extract the second lowest bit:
parity1 = 0
for i = 0, N1
parity1 = parity1 XOR (a[i] AND 2)
Two parity bits extracted this far can be combined as simply as parity OR parity1, which now turns into a value equal to the requested number modulo 4. Notice
that the same value can be reached with only one loop, by using a combination
of the two masks  mask with value 3. The reason is simple: having all the
bitwise operations along the route operate on distinct bits in the result,
there is no fear that parity of one bit will affect the observed parity of
another bit.
And this leads to the final solution. If we completely remove the mask, then we
will obtain the loop which simultaneously tracks parities of all bits in the
number which appears only once in the array. When the loop terminates, parity
indicator will have all of its bits equal to corresponding bits in the
requested number. In other words, parity indicator will be the requested number
itself! Here is the final pseudocode:
function Singular(a, N)
value = 0
for i = 0, N1
value = value XOR a[i]
return value
end
Once again, the XOR operation used is the bitwise operation between the two
operands.
Now that we have produced the final solution, we can take a look at it the
other way around. We are simply XORing all the numbers in the array, and that
operation magically produces the number that appears exactly once in the array.
The reason why this method works comes from the fact that all other numbers
appear exactly twice each. And, whenever a number is XORed with itself, value
0 is produced. And when any number is XORed with zero, it remains unchanged.
Therefore, second appearance of any number simply removes the first appearance
of the same number from the cumulative result. What remains in the end is only
the number which doesn't appear the second time and, consequently, could not
score out its first appearance. This explains why the simple loop produced
above works correctly. On a related note, we could start from this short
analysis and come up with exactly the same code for the solution.
Implementation
Now that we have produced the pseudocode which solves the problem, the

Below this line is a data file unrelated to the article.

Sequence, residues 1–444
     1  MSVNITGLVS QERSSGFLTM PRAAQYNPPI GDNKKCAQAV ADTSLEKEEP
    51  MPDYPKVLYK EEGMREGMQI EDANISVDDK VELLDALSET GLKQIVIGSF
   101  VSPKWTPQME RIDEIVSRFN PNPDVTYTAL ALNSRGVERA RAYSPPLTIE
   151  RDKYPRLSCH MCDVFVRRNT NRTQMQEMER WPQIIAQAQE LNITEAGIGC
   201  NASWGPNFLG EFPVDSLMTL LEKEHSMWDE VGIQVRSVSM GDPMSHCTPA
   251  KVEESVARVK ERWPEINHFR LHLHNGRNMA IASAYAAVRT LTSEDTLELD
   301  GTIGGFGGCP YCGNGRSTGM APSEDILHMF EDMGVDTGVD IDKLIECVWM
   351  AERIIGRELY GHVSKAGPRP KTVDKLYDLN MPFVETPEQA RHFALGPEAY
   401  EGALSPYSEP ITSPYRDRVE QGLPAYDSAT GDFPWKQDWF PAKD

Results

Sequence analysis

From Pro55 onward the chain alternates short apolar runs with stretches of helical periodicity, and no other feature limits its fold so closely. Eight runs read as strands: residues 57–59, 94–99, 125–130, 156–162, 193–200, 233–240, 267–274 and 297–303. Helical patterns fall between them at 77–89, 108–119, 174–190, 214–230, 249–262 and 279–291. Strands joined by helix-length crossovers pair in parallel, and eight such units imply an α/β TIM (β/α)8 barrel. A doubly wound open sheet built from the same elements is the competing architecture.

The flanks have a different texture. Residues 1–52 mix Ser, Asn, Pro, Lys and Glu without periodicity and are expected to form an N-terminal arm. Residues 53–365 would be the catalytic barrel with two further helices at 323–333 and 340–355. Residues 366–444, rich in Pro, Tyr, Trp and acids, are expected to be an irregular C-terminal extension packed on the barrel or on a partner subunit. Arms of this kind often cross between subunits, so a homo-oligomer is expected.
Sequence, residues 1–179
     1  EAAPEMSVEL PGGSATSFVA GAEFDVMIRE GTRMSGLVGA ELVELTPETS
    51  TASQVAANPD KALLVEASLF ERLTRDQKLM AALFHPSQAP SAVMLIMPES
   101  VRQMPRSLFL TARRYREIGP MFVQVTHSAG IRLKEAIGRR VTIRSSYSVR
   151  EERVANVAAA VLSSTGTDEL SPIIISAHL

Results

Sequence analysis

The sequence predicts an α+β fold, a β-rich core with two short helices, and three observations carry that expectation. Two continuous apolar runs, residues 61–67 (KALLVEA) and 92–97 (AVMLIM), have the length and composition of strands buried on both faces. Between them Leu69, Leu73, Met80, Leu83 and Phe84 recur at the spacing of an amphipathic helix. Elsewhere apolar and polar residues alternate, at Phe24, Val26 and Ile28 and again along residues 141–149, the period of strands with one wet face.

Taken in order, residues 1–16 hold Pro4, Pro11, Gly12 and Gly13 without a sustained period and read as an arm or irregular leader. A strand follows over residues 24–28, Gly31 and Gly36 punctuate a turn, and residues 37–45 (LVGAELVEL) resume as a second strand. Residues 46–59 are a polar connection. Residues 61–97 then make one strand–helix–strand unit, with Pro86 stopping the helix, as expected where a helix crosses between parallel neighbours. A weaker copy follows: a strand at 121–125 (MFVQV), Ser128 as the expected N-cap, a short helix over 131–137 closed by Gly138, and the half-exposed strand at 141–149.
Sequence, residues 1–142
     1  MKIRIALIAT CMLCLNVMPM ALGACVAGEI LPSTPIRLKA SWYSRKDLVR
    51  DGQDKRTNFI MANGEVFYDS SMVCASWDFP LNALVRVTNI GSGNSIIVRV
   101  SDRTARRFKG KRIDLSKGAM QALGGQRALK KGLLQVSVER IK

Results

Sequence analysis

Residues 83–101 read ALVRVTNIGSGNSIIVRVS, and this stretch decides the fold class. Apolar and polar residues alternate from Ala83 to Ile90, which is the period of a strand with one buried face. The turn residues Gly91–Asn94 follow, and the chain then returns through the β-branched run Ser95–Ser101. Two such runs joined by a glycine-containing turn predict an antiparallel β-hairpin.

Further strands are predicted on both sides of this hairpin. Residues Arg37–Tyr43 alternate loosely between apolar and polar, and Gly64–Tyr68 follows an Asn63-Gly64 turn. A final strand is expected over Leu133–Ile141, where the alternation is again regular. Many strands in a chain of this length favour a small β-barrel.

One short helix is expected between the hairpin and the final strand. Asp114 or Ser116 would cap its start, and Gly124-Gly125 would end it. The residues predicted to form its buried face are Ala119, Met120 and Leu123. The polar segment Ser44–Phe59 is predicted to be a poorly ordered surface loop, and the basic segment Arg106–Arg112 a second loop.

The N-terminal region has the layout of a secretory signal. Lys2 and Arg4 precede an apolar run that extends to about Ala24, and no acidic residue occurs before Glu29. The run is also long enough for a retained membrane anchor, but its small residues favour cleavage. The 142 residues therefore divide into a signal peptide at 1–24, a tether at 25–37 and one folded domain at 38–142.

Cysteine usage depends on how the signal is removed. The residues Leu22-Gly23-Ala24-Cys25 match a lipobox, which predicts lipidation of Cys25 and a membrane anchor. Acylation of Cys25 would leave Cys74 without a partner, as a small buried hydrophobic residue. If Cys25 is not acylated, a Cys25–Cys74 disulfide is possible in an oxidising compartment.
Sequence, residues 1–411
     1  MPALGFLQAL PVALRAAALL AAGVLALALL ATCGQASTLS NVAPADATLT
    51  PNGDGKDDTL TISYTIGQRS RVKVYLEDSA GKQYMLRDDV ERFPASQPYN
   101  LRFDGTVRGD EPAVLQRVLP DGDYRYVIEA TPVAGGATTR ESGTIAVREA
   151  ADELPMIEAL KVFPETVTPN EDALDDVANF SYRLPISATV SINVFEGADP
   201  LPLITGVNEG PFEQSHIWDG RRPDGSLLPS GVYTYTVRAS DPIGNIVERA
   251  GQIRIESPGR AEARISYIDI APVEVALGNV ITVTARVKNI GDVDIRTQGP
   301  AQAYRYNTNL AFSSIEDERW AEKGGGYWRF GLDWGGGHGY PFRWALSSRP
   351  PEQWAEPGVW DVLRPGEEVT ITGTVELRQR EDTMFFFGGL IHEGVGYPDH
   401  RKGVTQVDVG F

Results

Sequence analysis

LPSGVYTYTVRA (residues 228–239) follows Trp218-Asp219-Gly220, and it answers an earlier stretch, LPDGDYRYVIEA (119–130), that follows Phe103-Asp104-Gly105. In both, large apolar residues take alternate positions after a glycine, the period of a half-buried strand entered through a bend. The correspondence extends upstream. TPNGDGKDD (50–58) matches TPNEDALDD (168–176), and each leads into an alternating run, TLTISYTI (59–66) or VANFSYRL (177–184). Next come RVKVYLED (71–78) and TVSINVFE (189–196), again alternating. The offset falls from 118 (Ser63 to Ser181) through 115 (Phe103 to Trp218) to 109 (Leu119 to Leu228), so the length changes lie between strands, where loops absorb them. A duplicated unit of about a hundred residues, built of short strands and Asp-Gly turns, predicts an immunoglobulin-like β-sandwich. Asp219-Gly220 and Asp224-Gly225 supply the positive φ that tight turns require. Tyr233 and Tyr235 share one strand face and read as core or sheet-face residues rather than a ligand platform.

corresponding C# function can be written with very little effort:
int Singular(int[] a)
{
int value = 0;
for (int i = 0; i < a.Length; i++)
value = value ^ a[i];
return value;
}
Demonstration
We can use the Singular function to analyze the array given as an example in the problem statement
section:
int[] a = new int[] { 1, 4, 2, 1, 3, 4, 2 };
int s = Singular(a);
Console.WriteLine("Value that appears once is {0}.", s);
This code produces output as expected:
Value that appears once is 3.
FollowUp Exercises
Given the array containing strings rather than integers, can the XORing
technique be applied to find the string which appears once, as opposed to all
other strings that appear exactly twice each? Note that strings are not
necessarily of the same length.
Try to solve modified problem, in which there are two distinct numbers that
appear once each, while all other numbers appear exactly twice each. This
exercise is covered on page Finding Two Numbers That Appear Once in Array of Duplicated Numbers.
See also:
Published: May 5, 2013; Modified: Feb 17, 2014
ZORAN HORVAT Zoran is software architect dedicated to clean design and CTO in a growing software company. Since 2014 Zoran is an author at Pluralsight where he is preparing a series of courses on objectoriented and functional design, design patterns, writing unit and integration tests and applying methods to improve code design and longterm maintainability. Follow him on Twitter @zoranh75 to receive updates and links to new articles. Watch Zoran's video courses at pluralsight.com (requires registration): Making Your C# Code More ObjectOriented This course will help leverage your conceptual understanding to produce proper objectoriented code, where objects will completely replace procedural code for the sake of flexibility and maintainability. More... Advanced Defensive Programming Techniques This course will lead you step by step through the process of developing defensive design practices, which can substitute common defensive coding, for the better of software design and implementation. More... Tactical Design Patterns in .NET: Creating Objects This course sheds light on issues that arise when implementing creational design patterns and then provides practical solutions that will make our code easier to write and more stable when running. More... Tactical Design Patterns in .NET: Managing Responsibilities Applying a design pattern to a realworld problem is not as straightforward as literature implicitly tells us. It is a more engaged process. This course gives an insight to tactical decisions we need to make when applying design patterns that have to do with separating and implementing class responsibilities. More... Tactical Design Patterns in .NET: Control Flow Improve your skills in writing simpler and safer code by applying coding practices and design patterns that are affecting control flow. More... Writing Highly Maintainable Unit Tests This course will teach you how to develop maintainable and sustainable tests as your production code grows and develops. More... Improving Testability Through Design This course tackles the issues of designing a complex application so that it can be covered with high quality tests. More... Share this article